Wolf-Ginger

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Special Effects director (the guy’s name is in the DVD extras but I wasn’t able to catch it and I don’t want to go back to the library and dig it up again for 5% of a course grade when I still have one more final paper to do in less than 7 days…), on Ginger Snaps (2001), commented multiple times on how specific director John Fawcett’s vision of the creature was – pale, sweaty and sickly looking, and hairless. He talked about how this was a nightmare for lighting a shot because no matter how dark they made the set the pale tone of the creature make-up would pick up the light and reflect it.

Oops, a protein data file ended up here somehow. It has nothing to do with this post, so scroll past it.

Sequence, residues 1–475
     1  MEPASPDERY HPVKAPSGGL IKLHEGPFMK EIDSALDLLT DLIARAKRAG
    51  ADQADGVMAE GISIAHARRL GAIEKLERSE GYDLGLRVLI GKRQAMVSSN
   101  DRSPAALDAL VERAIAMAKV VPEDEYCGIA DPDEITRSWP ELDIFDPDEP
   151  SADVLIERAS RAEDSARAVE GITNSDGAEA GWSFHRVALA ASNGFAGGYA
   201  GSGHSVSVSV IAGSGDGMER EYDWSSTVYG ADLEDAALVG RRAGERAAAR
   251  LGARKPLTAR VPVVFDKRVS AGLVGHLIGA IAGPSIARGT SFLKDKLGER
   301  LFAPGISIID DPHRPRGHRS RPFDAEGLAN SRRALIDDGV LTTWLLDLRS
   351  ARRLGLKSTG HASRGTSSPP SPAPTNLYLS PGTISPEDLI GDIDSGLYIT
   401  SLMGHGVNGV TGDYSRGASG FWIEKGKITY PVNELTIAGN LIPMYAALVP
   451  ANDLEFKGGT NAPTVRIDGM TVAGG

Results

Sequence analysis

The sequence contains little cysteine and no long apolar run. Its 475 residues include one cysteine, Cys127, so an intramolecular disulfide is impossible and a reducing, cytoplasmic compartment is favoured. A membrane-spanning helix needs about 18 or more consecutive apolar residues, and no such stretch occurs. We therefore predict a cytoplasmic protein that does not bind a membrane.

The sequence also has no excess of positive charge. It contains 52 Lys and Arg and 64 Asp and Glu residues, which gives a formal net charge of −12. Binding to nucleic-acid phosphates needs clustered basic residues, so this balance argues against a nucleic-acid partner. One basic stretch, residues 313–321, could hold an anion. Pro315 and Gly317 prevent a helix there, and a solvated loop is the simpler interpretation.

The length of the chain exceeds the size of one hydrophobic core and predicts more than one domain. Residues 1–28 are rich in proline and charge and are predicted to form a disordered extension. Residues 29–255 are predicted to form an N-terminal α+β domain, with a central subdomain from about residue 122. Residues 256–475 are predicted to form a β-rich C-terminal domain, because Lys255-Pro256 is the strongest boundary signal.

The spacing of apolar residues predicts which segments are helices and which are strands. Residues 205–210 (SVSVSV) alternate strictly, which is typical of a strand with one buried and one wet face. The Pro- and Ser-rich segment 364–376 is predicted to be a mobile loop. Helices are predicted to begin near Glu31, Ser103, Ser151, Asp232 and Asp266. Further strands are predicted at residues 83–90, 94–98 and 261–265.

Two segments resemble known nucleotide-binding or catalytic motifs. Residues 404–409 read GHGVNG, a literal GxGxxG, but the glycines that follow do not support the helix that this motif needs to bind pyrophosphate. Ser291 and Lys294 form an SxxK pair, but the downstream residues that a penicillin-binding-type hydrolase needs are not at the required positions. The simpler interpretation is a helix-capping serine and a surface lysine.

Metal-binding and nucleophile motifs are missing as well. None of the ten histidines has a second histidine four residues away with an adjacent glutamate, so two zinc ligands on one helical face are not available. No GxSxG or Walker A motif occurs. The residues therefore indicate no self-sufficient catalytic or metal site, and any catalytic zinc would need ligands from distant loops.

This actually parallels what de Lauretis says about the etymon of “monster” and how it arrests vision; the paleness of the transformed Ginger’s skin highlighted her “to-be-looked-at-ness” to borrow a term from Laura Mulvey. But instead of the looking being a choice of the viewer, there is something inherent in the creature design that demands to be looked at and forces the gaze of the viewer, thereby shifting the power balance in favor of the image/monster/object and reclaiming it for the female, made object by the Oedipal Narrative.

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